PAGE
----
Brand equity is “the added value endowed to products and services, reflected in how consumers think, feel, and act with respect to the brand, as well as the prices, market share and profitability that the brand commands for the firm.”(Kotler, Keller, & Cunningham, P.127, 2008). Simply, the more distinct a brand is in the minds of customers or constituents, the more brand equity an organization can leverage to attract funding, talent and volunteers.
Keys to Brand Equity
Brand awareness is customers’ ability to recall the brand and the depth to which they understand the brand promise (Faircloth, 2005) inciting them to pay a premium for the product of service (Kotler, et.al., 2008). A constituent with an accurate understanding of an NPO’s brand promise, will be more likely to make donations and volunteer their time. For example The Breast Cancer Foundation of Canada needs to make constituents aware of how its brand promise differs from the many other cancer foundations and social missions.
Brand image is the collection of interactions with the brand promise via multiple platforms creating the customer’s or constituent’s overall perception of the brand (Faircloth, 2005). For the NPO, brand image creates brand equity when each of the interactions with constituents creates a deeper connection to the organization and its social mission (Daw, Cone, Erhard, Darigan-Merenda, 2011). For example, The Breast Cancer Foundation of Canada interacts with constituents via multiple platforms like Facebook, Twitter, blogs, Youtube, television news media, newspapers, magazines, and face-to-face. Each touch point is another opportunity for constituents to add to their perception of The Breast Cancer Foundation of Canada and its social mission.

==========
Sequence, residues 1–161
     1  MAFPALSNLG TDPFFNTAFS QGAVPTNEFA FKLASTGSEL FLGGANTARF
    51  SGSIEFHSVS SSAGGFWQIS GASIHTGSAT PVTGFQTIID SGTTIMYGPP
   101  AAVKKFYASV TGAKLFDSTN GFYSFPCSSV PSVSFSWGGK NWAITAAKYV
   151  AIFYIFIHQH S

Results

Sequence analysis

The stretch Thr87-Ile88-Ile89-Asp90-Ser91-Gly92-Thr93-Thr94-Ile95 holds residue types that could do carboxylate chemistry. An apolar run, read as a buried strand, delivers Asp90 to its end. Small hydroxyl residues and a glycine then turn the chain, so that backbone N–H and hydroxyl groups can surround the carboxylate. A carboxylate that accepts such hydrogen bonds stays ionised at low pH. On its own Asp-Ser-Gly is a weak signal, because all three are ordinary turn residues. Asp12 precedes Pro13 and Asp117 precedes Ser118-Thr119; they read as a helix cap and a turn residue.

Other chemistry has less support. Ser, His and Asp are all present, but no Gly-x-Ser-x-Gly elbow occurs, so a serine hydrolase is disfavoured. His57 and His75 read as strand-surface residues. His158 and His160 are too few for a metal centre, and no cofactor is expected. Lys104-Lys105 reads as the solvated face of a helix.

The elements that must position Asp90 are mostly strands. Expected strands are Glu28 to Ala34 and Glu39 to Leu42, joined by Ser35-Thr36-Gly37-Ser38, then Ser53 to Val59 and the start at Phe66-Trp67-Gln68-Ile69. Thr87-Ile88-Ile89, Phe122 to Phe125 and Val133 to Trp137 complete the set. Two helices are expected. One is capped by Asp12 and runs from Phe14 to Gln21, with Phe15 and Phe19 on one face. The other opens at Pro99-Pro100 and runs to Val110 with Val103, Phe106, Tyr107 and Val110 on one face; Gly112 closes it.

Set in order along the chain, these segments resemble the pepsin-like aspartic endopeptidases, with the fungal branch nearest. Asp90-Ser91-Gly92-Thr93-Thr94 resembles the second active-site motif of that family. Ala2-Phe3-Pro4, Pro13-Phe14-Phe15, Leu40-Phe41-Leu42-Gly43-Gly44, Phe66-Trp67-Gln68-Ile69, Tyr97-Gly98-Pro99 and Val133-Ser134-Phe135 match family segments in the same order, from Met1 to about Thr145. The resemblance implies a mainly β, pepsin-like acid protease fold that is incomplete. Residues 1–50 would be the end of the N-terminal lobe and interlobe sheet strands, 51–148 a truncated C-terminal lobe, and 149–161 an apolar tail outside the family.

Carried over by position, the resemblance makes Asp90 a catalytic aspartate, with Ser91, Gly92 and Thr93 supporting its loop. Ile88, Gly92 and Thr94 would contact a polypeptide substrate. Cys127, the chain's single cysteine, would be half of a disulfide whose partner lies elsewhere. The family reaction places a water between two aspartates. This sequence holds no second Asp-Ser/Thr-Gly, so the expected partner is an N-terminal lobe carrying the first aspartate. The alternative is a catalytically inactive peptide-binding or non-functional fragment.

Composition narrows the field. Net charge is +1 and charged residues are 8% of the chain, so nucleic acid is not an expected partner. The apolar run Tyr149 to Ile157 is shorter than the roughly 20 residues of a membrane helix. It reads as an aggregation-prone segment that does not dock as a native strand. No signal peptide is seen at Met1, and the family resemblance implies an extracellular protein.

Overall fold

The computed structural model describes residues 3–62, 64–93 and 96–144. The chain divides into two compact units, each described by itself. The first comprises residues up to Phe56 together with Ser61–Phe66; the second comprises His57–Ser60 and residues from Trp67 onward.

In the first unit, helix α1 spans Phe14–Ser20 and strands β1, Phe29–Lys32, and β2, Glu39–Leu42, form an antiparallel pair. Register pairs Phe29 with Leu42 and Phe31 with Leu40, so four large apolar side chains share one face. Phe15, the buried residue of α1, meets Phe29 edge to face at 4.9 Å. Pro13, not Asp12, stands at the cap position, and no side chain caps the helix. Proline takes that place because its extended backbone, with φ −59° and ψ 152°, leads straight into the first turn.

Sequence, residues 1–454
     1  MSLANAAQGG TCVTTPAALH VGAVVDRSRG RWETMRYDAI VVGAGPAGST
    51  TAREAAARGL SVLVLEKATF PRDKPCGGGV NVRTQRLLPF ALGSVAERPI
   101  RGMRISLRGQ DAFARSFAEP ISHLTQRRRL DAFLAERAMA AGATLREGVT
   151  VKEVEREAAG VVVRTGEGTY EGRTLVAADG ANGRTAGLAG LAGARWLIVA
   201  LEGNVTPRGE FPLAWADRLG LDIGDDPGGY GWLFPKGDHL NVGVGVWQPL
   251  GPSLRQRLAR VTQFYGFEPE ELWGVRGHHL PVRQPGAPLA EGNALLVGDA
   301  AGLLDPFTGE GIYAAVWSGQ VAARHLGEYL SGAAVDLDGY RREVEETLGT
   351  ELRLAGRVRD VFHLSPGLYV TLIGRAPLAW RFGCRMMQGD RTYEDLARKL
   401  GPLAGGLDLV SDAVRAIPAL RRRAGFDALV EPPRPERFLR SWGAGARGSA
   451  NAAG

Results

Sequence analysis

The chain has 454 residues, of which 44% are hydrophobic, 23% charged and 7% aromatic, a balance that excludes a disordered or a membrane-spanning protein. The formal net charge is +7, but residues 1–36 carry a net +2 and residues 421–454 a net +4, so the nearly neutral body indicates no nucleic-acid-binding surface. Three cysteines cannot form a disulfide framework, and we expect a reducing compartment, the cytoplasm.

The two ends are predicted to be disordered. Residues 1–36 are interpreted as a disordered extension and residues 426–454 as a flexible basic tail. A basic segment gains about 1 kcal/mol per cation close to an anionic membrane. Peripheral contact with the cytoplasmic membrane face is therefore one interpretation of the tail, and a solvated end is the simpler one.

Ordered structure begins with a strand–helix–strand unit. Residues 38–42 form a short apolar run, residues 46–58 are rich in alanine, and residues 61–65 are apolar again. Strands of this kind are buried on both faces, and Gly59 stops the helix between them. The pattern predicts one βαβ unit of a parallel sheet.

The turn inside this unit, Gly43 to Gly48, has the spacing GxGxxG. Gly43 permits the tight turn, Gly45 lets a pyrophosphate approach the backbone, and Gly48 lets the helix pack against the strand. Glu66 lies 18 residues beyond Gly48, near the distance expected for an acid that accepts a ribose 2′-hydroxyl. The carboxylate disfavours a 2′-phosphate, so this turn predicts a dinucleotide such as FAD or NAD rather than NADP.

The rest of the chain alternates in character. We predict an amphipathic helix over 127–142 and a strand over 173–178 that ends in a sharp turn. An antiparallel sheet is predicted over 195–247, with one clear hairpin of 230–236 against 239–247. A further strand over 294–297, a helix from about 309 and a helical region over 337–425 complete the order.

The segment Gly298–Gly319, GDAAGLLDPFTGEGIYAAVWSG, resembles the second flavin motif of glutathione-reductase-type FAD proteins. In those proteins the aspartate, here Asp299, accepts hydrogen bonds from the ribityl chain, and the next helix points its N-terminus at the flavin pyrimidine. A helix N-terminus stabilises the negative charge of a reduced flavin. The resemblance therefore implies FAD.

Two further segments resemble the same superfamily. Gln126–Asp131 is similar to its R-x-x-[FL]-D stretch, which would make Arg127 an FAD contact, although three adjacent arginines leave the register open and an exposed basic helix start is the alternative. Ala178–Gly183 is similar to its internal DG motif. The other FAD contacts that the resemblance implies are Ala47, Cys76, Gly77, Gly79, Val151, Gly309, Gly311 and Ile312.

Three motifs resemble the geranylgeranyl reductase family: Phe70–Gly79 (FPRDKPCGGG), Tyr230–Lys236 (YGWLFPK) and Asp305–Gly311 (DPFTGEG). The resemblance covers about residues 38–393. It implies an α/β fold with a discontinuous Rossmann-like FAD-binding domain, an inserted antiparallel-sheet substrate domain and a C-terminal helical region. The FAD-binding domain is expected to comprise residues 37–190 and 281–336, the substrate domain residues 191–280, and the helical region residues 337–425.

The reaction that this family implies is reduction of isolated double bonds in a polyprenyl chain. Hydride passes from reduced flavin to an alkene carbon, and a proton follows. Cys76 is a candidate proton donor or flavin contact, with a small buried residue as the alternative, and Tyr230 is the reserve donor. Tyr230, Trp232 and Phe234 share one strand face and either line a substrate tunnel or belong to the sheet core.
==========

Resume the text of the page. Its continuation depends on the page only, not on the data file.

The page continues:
Brand loyalty occurs when constituents feel their contributions to an organization make a noticeable difference (Daw, et. al., 2011) and encourages them to repeatedly volunteer their time or donate their money.
Brand relevance is the element of brand that makes it irresistible to the customer or constituent (Aaker, 2012) subsequently creating a competitive advantage for an organization. If a customer or constituent does not understand a brand’s relevance, there is little chance brand image, brand awareness, and brand loyalty will effectively generate brand equity.
iPhone5: The newest iteration of the iPhone recently hit the shelves around the globe. Has Apple provided enough touch points by which customers can form an informed image of the iPhone5 (brand image)? Are customers, at the point of purchase, able to recall the iPhone5 brand promise (brand awareness)? What percentage of iPhone5 sales are return customers (brand loyalty)? Will the iPhone5 have enough new features to make it irresistible to customers (brand relevance)?
Aaker, D. A. (2012). Win the Brand Relevance Battle and then Build Competitor Barriers. California Management Review, 54(2), 43-57. doi:10.1525/cmr.2012.54.2.43.
Daw, J., Cone, C., Erhard, A., Darigan-Merenda, K. (2011) Breakthrough Nonprofit Branding: Seven Principles to Power Extraordinary Results. New Jersey: John Wiley and Sons, Inc.
Faircloth, James B.. (2005). FACTORS INFLUENCING NONPROFIT RESOURCE PROVIDER SUPPORT DECISIONS:APPLYING THE BRAND EQUITY CONCEPT TO NONPROFITS. Journal of Marketing Theory and Practice, 13(3), 1-15. Retrieved June 28, 2012, from ABI/INFORM Global. (Document ID: 1061035961).